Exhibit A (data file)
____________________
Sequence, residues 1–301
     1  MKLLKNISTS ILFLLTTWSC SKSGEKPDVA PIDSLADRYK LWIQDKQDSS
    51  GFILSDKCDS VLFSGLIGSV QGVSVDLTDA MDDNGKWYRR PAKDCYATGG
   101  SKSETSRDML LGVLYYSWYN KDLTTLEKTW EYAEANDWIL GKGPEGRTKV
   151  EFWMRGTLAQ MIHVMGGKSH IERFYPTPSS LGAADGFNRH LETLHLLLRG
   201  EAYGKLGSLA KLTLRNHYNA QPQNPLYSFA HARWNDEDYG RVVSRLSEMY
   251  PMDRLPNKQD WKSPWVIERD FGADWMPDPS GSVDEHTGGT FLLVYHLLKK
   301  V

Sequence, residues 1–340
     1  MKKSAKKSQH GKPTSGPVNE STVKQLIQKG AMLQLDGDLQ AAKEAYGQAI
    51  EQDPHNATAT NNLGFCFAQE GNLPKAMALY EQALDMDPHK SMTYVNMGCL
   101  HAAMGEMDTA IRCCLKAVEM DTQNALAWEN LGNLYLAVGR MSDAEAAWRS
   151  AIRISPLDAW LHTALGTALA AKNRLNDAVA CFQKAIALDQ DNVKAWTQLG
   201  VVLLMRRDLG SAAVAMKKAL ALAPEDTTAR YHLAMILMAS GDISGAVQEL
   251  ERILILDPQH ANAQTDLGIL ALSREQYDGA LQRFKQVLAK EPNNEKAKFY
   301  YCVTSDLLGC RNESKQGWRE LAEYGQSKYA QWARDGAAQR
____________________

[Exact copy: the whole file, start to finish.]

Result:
Sequence, residues 1–301
     1  MKLLKNISTS ILFLLTTWSC SKSGEKPDVA PIDSLADRYK LWIQDKQDSS
    51  GFILSDKCDS VLFSGLIGSV QGVSVDLTDA MDDNGKWYRR PAKDCYATGG
   101  SKSETSRDML LGVLYYSWYN KDLTTLEKTW EYAEANDWIL GKGPEGRTKV
   151  EFWMRGTLAQ MIHVMGGKSH IERFYPTPSS LGAADGFNRH LETLHLLLRG
   201  EAYGKLGSLA KLTLRNHYNA QPQNPLYSFA HARWNDEDYG RVVSRLSEMY
   251  PMDRLPNKQD WKSPWVIERD FGADWMPDPS GSVDEHTGGT FLLVYHLLKK
   301  V

Sequence, residues 1–340
     1  MKKSAKKSQH GKPTSGPVNE STVKQLIQKG AMLQLDGDLQ AAKEAYGQAI
    51  EQDPHNATAT NNLGFCFAQE GNLPKAMALY EQALDMDPHK SMTYVNMGCL
   101  HAAMGEMDTA IRCCLKAVEM DTQNALAWEN LGNLYLAVGR MSDAEAAWRS
   151  AIRISPLDAW LHTALGTALA AKNRLNDAVA CFQKAIALDQ DNVKAWTQLG
   201  VVLLMRRDLG SAAVAMKKAL ALAPEDTTAR YHLAMILMAS GDISGAVQEL
   251  ERILILDPQH ANAQTDLGIL ALSREQYDGA LQRFKQVLAK EPNNEKAKFY
   301  YCVTSDLLGC RNESKQGWRE LAEYGQSKYA QWARDGAAQR